While the Sendai Framework, the Paris Agreement, the 2030 Agenda and the New Urban Agenda (NUA) warrant consideration in a joined up and complementary manner, global discussions of risk do not necessarily reflect the range of risk as understood by residents in the urban South. It is time to consider the intersection of disasters, the everyday lived experience of urban residents and the fundamental role local authorities play in mitigating against and also managing the urban risk portfolio. This case study from Bharatpur, a medium sized, regional city in Nepal shows in granular detail the continuum of perceived risk from the perspective of urban residents and local authorities. Risk is centered on a range of events and everyday realities that directly impact residents’ immediate lives and that challenge people’s capacity to manage and thrive. This also impacts their ability and willingness to plan for future hazards and risks in the city. The local authorities are in a similar situation in which they are overwhelmed with their responsibilities.
The continuum of risks discussed in this paper include an infrequent and intensive event, the Gorkha earthquake, that would of course rank high in the traditional international expert’s understanding of hazard and risk. However, risk is also found in another event such as the change to Bharatpur, Nepal’s administrative boundaries. Moreover, everyday concerns such as the lack of basic physical infrastructure and challenges to economic security are also significant concerns for urban residents. For many of the risks described above, the quality of the relationship with the local authority is key to people’s mitigation strategies of urban risk.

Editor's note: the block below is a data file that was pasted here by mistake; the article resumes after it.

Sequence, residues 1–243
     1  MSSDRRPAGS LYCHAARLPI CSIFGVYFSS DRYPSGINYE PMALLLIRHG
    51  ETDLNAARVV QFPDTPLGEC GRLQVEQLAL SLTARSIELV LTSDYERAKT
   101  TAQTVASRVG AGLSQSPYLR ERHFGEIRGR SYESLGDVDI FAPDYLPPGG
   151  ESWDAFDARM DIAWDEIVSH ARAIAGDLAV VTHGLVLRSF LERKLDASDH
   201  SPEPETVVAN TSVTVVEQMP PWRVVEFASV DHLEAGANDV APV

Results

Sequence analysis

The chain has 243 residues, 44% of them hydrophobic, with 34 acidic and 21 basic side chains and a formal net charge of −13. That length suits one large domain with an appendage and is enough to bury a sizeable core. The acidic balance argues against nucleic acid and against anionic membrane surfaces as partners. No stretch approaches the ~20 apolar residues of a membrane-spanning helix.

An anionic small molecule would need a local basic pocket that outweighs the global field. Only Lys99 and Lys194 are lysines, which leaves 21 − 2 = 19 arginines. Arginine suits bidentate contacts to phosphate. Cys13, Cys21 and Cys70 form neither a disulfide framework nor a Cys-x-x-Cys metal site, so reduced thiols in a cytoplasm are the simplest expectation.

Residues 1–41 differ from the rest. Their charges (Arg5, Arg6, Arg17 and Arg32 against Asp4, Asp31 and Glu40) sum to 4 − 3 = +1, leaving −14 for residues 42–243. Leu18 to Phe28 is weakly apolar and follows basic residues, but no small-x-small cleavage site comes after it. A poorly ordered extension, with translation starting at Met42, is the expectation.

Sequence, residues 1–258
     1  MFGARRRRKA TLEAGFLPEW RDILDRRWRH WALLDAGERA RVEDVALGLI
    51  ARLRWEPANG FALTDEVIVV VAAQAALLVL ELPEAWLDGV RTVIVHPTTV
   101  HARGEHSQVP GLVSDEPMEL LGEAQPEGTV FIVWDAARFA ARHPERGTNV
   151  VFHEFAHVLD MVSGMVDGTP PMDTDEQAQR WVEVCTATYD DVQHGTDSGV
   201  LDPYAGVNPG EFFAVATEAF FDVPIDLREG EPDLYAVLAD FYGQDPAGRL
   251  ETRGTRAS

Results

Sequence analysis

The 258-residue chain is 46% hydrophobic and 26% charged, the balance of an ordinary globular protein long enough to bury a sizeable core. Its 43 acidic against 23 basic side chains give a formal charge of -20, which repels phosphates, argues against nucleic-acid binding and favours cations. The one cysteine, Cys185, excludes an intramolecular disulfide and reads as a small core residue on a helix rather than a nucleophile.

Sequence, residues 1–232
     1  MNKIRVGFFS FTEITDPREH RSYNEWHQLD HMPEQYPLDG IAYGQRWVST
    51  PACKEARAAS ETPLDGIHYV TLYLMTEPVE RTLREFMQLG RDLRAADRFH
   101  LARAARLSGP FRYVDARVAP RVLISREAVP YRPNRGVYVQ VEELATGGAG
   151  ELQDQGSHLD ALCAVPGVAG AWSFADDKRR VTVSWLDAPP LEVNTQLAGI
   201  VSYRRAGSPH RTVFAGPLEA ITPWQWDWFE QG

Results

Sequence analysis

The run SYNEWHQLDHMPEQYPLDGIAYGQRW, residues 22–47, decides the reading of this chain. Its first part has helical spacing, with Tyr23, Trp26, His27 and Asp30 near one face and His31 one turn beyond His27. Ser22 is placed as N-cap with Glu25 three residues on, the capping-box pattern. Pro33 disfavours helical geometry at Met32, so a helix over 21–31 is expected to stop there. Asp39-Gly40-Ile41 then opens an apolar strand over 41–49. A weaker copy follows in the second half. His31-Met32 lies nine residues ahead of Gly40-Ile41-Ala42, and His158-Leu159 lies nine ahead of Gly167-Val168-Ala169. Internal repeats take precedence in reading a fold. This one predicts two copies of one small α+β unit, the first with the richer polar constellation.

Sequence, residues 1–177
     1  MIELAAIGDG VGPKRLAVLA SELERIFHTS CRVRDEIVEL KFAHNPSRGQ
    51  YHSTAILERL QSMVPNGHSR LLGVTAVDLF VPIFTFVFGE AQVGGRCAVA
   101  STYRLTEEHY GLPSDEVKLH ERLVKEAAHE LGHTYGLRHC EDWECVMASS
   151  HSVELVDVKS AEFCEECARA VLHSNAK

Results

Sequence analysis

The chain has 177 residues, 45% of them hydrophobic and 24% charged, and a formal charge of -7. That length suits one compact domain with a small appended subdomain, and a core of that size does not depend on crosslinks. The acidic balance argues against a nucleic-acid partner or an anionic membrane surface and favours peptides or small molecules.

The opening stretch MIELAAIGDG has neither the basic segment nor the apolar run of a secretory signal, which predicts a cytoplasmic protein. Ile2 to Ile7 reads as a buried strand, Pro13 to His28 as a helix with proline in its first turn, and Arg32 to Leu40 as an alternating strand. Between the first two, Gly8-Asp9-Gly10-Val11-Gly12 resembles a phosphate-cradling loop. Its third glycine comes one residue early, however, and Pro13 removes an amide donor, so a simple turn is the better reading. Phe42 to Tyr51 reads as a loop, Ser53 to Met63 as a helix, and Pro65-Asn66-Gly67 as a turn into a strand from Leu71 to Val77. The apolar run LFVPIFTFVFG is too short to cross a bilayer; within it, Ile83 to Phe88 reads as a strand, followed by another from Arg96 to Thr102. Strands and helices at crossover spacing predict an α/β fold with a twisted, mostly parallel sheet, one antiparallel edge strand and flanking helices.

Firstly, the paper calls for broadening the understanding of risk to include the views of residents and also of local authorities. Secondly, the paper suggests this broadening of risk matters to the global discourse framing understandings of risk in the Sendai Framework, the Paris Agreement, the 2030 Agenda and the NUA, otherwise implementation may not be appropriate.
This paper is a contribution to the 2019 edition of the Global Assessment Report on Disaster Risk Reduction (GAR 2019).
To cite this paper:
Ruszczyk, H.A. A continuum of risks in urban Nepal. Contributing Paper to GAR 2019